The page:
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24th March 2012 @ ~21:00
(Rob, Gill), Jenny, Pete, Ian, Lara Lynda and John (me)
No children on this trip, so a proper pub-crawl - albeit short - had been engineered in to the start of this Bradford Curry eating trip.
|Inside the Sparrow|
First up was
the Sparrow Bier Café, on North Parade, and a very popular little beer drinking
café-bar it was too. Pretty cool with
exotic beer advertising plaques on the wall, and little Formica tables and
chairs. Although specializing in beer,
we started with a couple of bottle of wine – just to get the evening going you
understand – so can’t really comment on the beer quality. Basically, there were a number of speciality beers, including local ales, on draft, and also bottled continental types
too. It was noted as being, by a member
of our party, “my new favourite place in
for a drink” - high praise indeed and I’m sure it’ll be on the hit list for
pre-curry drinks in the future.
Next was The
Castle Hotel. Here, a famous old
Bradford drinking den was visited by us for the first
time. To be honest I’ve never really
done much drinking in Bradford really –
probably shows. The Castle Hotel is a
pretty bog standard ‘oldie worldy’ pub with a good selection of Real Ales. I understand it to be popular with the CAMARA
types. I had a pint of something, which
name escapes me, but was quite hoppy I recall.
|Inside the Fighting Cock|
was rumbling now, but one final drink was to be taken at, from what I
understand to be, the Bradford pub that towers above all other
Bradford pubs – The Fighting Cock. You see, again, I’ve never been. I’ve been aware of its presence, and driven
past and seen all the beer barrels out side but never stepped inside. It certainly looks the business, and was
expecting a real dark and dingy, small, spit and sawdust type of place. How wrong I was. It was full of trendy types sipping at their
artisan real ales. Surprisingly large
inside, it was very reminiscing of Fanny’s in Shipley, which we visited a
couple of months ago. It is a Bradford institution and one not to be missed. Dutch lager was my weapon of choice. It was good, it was lager.
Another big plus point for the Fighting Cock is that it’s just around the corner from the Punjab Sweet House & Grill Centre.
|The Mixed Sizzling Starter|
Punjab don’t seem
to like to advertise, and don’t have a web site!! Other than driving past on occasion, the Punjab has passed me by entirely. However, word of mouth is a powerful thing,
and once probing the enigma that is the Punjab Sweet House and Centre,
it was clear that the establishment is held in high regard. Therefore, I was hoping to find a hidden gem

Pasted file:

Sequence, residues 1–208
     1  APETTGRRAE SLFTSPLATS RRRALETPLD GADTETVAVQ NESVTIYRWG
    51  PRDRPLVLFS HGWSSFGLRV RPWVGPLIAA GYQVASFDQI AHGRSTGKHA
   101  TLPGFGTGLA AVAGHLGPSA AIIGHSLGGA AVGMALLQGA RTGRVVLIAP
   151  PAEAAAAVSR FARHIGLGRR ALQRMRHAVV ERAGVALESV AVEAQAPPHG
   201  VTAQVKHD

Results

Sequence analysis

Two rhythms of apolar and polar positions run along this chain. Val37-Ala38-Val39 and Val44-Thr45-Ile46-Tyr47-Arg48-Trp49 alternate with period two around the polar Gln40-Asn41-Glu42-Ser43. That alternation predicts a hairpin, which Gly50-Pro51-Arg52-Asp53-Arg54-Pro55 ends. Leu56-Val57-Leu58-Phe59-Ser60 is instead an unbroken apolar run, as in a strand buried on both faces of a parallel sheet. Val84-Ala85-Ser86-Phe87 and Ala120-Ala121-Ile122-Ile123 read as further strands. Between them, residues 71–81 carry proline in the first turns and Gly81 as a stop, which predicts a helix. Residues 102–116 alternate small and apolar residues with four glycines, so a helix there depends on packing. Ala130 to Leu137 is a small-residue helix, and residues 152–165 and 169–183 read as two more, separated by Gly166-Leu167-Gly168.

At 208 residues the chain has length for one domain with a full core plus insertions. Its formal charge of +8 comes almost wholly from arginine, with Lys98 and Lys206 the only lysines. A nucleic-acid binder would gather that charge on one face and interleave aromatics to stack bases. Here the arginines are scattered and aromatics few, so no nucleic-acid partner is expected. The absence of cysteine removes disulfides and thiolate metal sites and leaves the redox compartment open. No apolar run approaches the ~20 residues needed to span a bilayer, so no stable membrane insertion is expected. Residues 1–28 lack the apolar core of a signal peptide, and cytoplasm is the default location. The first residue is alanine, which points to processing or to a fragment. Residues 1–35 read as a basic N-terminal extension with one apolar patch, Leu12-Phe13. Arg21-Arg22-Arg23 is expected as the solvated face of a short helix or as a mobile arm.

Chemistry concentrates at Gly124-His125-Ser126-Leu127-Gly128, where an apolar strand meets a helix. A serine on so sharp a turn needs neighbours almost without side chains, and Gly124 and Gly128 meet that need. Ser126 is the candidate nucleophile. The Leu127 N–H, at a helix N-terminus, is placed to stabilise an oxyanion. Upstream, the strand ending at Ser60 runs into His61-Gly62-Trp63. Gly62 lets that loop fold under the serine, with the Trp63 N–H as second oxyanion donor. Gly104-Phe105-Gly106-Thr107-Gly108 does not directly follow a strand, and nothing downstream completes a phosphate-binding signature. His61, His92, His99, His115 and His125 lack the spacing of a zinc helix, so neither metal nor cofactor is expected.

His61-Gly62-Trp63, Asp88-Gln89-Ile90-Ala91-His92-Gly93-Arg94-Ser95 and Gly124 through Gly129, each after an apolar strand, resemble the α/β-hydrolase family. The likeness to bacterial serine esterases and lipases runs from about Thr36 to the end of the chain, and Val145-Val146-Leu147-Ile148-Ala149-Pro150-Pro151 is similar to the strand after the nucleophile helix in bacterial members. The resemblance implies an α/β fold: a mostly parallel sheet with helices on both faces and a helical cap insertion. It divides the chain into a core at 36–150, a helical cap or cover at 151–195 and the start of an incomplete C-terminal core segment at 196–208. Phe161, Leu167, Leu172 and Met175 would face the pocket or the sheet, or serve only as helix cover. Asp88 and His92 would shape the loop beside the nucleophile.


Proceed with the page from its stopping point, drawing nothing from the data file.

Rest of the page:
and something a little special off the beaten track. Also, the aforementioned Fighting Cock was
around the corner. Grill
drinking time meant we arrived at the
gone 9pm. This was good because the tea
time rush was starting to ease some what – when we passed on our way the ‘Cock
it was heaving.
|Atmospheric Shot of Punjab|
kitchen was a nice to see and it was good to spend a few moments watching the
chefs producing the fresh food with bursts of flames and bangs and clatters,
and loading the tandoors with freshly rolled nanns. The
was looking promising.
Décor fell into the posh café style. It was clean and presentable. There is also an attached sweet centre, but this was closed by the time we left. We’ll have to ensure an earlier eating time for our next visit.
|Inside the Punjab|
No complimentary poppadoms to munch on as we perused the menu, but these were ordered as a pre starter to our Special Mixed Grill. We asked for the chicken wings to be swapped for more chicken tikka, which was not a problem; and the dish arrived spitting and sizzling on its red hot cast iron plinth. All aspects of the dish (lamb chops, chicken tikka and kebabs) were wonderful – moist, succulent, full of flavour with spice that danced on the tongue and attacked every taste bud.
The menu was
full and varied as whole, but didn’t offer too many dish options beyond the
standard fare seen all over
Bradford. However, the Lamb Handi (on the bone) jumped
out at me as something worth trying. I’m
glad I did. The dish was pomp and
ceremony, and arrived bubbling away in a clay pot held aloft and heated by its
own tea light fuelled holder - very grand and unique. A new experience was about to be had I could
tell. As for the taste – it wasn’t all
‘talk and no trousers’ either – and the word rich doesn’t do it justice!! I’m guessing all the marrow from the bones
must have seeped out to produce a curry with depth of flavour far beyond the any
I’ve sampled in this town… indeed the world.
The Handi was ultimate hedonistic decadence in curry form - quite simply
Drinks Policy and range
Punjab is strictly
alcohol free. Calibrate in the Fighting
Cock – if that’s your bag – prior to your arrival, and enjoy the delights of
tap water and lassi during your meal.
|Another shot of the Lamb Handi|